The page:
Recollection: Howard Zinn Speaks at Columbia Savin Hill Civic Assn.
Feb. 18, 2010
The Vietnam War was tearing our country apart, many Dorchester youth were serving and dying, and an unlikely speaker was at the monthly Columbia Savin Hill Civic Association meeting one night in the early 1970s.
He was the historian Howard Zinn, who died late last month at age 87, and who is perhaps best known for his book “A People’s History of the United States” in which he celebrates the average individuals who heroically stood up to be counted and the grassroots movements they were part of – abolitionists, women’s right, civil rights, anti-war. His was not the traditional textbook concentrating on presidents as the only actors in American history; and it is certainly a book written from a left perspective.
Christian Appy wrote a book about the impact of the Vietnam War on Dorchester Vietnam Veterans that he titled “Working-Class War.” In the book, Appy quoted Dan Shaw recalling growing up and hanging out at the corner of Train and King Streets and how seven of his buddies went to Vietnam and three were wounded. Said Shaw: “Jeez, it wasn’t bad. I mean some corners really got wiped out. Over off of Norfolk Street ten guys got blown away the same year.”
Zinn was invited to speak at Columbia Savin Hill Civic by one of its leaders, Jim Canny, who was willing to go against the grain of how most thought in his neighborhood when he believed differently. He had read Bernard Fall’s classic book about the origins of the Vietnam War. When you read that our government cancelled a 1956 national election in Vietnam because the Communist leader Ho Chi Minh, who was also the leader of WWII resistance against the Japanese, would have won, you started to wonder if our government was truthful about everything they said about this war.
Peg Moran was another leader of the Civic Association; she went on to help run the Little House Community Health Center. Her husband was a police officer who was assigned to demonstrations against the Vietnam War. Her brother-in-law, Gene Grover, was a Marine sergeant who had been killed in Vietnam. Canny remembered with sadness recently a letter that Gene had written to him which said something about how “we are destroying this beautiful country.” Gene’s daughter Peggy was born after he died.
An organization called The People First (TPF) was organized in Dorchester in 1970 by anti-war activists who had moved into Dorchester – Michael Ansara and Ira Arlook, to name two – and younger people who grew up here like Donna Finn, Dusty McGuire, and Seamus Glynn. TPF gained notoriety when it called for Dorchester District Court Judge Jerome Troy’s ouster from the bench. Troy was very conservative in his rulings from the bench, but he also acted corruptly to pollute the land at Tenean Beach for a development scheme and used court employees to work on the project.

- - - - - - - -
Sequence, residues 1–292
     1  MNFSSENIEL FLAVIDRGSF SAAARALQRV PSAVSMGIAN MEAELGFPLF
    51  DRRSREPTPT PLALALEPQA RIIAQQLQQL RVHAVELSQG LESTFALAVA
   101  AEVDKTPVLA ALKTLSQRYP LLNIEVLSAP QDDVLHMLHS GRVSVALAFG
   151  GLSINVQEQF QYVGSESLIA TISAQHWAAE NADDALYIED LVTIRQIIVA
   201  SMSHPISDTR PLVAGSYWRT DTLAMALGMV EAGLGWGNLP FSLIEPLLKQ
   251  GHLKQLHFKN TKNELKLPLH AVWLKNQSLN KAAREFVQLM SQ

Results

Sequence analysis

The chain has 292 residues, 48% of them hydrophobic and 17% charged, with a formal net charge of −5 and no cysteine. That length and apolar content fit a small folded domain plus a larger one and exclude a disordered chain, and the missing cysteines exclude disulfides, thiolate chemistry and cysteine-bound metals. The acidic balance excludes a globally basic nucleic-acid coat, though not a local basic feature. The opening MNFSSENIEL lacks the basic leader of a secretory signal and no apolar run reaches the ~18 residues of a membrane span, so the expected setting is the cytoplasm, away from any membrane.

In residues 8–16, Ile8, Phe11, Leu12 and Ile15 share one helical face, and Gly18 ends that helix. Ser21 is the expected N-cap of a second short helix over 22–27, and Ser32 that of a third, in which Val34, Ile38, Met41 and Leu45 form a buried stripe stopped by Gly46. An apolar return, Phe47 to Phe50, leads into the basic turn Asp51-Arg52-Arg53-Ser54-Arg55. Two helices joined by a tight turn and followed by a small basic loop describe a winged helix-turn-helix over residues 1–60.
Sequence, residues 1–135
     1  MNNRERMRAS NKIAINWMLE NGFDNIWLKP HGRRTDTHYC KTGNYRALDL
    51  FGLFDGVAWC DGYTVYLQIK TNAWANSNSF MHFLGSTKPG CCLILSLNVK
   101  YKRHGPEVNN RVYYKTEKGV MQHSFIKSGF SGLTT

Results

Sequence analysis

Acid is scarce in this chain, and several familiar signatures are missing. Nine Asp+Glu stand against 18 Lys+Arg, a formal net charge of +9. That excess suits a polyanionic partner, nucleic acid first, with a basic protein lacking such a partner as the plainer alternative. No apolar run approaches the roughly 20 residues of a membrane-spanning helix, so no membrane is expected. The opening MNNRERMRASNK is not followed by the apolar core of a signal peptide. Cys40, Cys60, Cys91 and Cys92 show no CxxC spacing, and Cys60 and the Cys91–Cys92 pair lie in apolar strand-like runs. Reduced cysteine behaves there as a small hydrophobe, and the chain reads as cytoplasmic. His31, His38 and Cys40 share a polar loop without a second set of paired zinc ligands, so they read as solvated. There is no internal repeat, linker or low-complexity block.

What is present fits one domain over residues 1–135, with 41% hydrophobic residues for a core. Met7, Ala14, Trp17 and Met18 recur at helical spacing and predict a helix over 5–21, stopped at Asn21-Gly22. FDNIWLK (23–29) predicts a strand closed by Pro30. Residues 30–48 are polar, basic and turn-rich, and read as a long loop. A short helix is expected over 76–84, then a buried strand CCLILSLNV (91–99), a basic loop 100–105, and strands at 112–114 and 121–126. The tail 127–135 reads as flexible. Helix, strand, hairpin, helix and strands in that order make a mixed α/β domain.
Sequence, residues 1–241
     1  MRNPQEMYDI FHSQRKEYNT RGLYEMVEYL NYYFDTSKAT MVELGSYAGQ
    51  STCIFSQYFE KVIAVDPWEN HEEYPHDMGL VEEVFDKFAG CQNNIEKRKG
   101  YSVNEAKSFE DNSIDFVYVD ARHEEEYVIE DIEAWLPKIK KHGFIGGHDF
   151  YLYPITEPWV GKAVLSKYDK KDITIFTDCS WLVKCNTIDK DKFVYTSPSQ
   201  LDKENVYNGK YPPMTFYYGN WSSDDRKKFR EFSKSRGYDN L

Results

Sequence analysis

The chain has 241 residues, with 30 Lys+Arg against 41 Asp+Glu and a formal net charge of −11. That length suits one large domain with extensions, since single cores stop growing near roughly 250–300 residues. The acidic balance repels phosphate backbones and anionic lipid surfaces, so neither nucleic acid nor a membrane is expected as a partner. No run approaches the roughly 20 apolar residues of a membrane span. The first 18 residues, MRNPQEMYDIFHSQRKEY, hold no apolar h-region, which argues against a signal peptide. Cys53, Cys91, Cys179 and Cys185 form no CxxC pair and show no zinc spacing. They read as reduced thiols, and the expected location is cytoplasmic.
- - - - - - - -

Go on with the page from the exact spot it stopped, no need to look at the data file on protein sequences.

Arlook approached Canny about having Zinn speak at his meeting and Ansara asked Zinn, who said he would do so. So a good crowd gathered that night in the small, old gym at Little House on East Cottage Street, most of them supporters of the war. Sam Mullin, who was to soon be the president of the association, had been an MP in Vietnam; for a time he had even guarded Dorchester TPF leader Dusty McGuire for some infraction while McGuire was serving there.
Zinn had a distinctive background that set him apart from the usual notion of an academic. The child of working class immigrants, he flew numerous missions over Germany in World War II as a bombardier. He didn’t go to college until he was 27, and got there on the GI Bill. One of his first teaching jobs in the 1950s was at the all-black Spellman College in Atlanta. When he became actively involved in civil rights demonstrations, and urged students to become involved, he was fired by the nervous college president. Later, Zinn was an early and prominent critic of the Vietnam War, frequently speaking at anti-war rallies several times a year on Boston Common.
I don’t know how many minds Zinn changed that night when he came to Dorchester to speak against the war. He did get a grudging respect from almost all who were there because they knew that he knew the horrors of war from bombing cities, he was from the same economic background as people in the room, and he had some persuasive arguments to make.
Howard Zinn influenced members of many generations of Americans with his books, classes, and speeches, some of whom were no doubt in attendance that night on East Cottage Street almost 40 years ago.
Lewis Finfer is a Dorchester resident.